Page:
relationships in the cloud

As a person who grew in the generation that crossed the chasm from the time the net and social media were rare to the current time when they are commonplace, I find a few trends interesting and I want to spend a bit of time over the next few posts talking about them. Namely, the impact of social media on certain aspects of our lives and where those impacts can be both boon and bane.

To start, let’s talk about relationships. Having the world at the end of your finger instead makes for very interesting circumstances. For example, you can have a long distance relationship that spans the globe without ever having met the person “in real life”. That of itself is a pretty hefty concept. We’ve always had movies and magazines and people to obsess over because of those things, but in this day, it is possible to take that even further. Movies can’t talk back to you and neither can magazines, but someone on a chat program can. With that, feelings are born, developed, and in some cases brought to full term resulting in marriages – some of them very happy and successful – with children.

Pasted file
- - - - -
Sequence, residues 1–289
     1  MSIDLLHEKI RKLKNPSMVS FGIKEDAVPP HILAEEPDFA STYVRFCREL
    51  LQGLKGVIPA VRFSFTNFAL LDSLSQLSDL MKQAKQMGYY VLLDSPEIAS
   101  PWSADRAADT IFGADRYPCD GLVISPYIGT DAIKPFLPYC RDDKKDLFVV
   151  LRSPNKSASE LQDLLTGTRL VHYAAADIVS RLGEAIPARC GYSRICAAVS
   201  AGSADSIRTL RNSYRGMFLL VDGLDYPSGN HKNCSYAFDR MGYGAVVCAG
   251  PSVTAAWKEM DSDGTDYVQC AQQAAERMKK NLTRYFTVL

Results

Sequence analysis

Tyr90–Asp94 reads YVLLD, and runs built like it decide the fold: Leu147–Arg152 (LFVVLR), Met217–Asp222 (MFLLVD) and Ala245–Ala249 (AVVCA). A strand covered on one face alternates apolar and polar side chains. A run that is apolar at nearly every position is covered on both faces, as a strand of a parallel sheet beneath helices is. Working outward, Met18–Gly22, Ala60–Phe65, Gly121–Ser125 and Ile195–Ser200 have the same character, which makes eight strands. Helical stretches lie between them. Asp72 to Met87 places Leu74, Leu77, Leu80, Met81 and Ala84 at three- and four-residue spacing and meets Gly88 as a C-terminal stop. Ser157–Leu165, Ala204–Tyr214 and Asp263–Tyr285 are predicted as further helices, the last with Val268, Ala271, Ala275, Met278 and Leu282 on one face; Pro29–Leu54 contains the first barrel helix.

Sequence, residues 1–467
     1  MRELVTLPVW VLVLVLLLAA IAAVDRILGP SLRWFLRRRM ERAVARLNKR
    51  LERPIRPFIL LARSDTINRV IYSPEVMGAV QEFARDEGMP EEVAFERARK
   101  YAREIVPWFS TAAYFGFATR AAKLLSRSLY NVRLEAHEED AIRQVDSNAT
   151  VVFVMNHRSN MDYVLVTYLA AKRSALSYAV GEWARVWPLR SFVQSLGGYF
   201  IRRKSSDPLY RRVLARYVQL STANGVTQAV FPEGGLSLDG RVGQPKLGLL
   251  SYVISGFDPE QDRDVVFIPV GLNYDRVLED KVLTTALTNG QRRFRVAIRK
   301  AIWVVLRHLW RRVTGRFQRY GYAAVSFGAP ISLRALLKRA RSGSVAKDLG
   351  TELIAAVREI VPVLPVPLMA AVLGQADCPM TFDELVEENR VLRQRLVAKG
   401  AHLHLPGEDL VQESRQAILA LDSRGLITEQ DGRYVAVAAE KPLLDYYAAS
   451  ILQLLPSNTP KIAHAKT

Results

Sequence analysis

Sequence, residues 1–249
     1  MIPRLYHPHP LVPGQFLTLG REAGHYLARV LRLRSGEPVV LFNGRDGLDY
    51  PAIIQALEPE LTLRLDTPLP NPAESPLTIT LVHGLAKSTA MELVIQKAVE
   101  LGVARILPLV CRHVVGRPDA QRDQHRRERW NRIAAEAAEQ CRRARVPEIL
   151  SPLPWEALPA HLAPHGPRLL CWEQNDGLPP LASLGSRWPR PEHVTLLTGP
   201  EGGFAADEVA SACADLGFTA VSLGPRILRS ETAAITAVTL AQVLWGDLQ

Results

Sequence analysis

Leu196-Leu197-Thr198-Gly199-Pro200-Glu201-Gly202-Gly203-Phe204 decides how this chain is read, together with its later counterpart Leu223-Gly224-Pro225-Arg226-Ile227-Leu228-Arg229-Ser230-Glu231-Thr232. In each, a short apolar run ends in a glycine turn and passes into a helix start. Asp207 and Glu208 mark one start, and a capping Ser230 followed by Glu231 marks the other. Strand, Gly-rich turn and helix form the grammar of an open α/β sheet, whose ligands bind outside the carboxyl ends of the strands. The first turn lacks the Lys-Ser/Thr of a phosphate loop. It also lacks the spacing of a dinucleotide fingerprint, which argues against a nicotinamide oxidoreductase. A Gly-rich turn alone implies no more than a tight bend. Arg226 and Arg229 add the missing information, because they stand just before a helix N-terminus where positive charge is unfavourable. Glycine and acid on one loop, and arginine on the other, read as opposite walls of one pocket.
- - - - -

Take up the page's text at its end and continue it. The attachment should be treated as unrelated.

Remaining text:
Two decades ago, this was impossible on any level. One decade ago, it would have been laughable. In the current time, it is more rare for me to hear someone say, “I saw such X in the mall and…” than to hear “I was online the other day and started talking to X”. It feels like being stuck in Napoleon Dynamite on repeat. Mind you, these people aren’t in the same city. Not even the same state. Oh no: these people are in places like Australia, China, Japan, Italy… places that require 15-hour flights through up to seven hours of time zones. To say the least: incredible.